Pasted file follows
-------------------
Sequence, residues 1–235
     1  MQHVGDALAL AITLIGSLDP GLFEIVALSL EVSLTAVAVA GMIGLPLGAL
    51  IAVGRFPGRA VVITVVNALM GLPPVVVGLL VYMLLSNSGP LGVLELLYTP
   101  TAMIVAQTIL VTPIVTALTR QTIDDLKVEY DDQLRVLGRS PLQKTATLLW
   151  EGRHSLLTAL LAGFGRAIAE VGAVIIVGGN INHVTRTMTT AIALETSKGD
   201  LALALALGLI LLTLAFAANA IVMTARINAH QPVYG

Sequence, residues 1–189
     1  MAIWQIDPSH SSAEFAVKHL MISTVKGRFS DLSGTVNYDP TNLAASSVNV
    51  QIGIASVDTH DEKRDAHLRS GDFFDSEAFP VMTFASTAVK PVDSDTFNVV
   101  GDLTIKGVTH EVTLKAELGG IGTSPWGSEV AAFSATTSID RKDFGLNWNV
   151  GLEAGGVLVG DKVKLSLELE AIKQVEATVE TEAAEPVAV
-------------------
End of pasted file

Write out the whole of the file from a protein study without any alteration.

Sequence, residues 1–235
     1  MQHVGDALAL AITLIGSLDP GLFEIVALSL EVSLTAVAVA GMIGLPLGAL
    51  IAVGRFPGRA VVITVVNALM GLPPVVVGLL VYMLLSNSGP LGVLELLYTP
   101  TAMIVAQTIL VTPIVTALTR QTIDDLKVEY DDQLRVLGRS PLQKTATLLW
   151  EGRHSLLTAL LAGFGRAIAE VGAVIIVGGN INHVTRTMTT AIALETSKGD
   201  LALALALGLI LLTLAFAANA IVMTARINAH QPVYG

Sequence, residues 1–189
     1  MAIWQIDPSH SSAEFAVKHL MISTVKGRFS DLSGTVNYDP TNLAASSVNV
    51  QIGIASVDTH DEKRDAHLRS GDFFDSEAFP VMTFASTAVK PVDSDTFNVV
   101  GDLTIKGVTH EVTLKAELGG IGTSPWGSEV AAFSATTSID RKDFGLNWNV
   151  GLEAGGVLVG DKVKLSLELE AIKQVEATVE TEAAEPVAV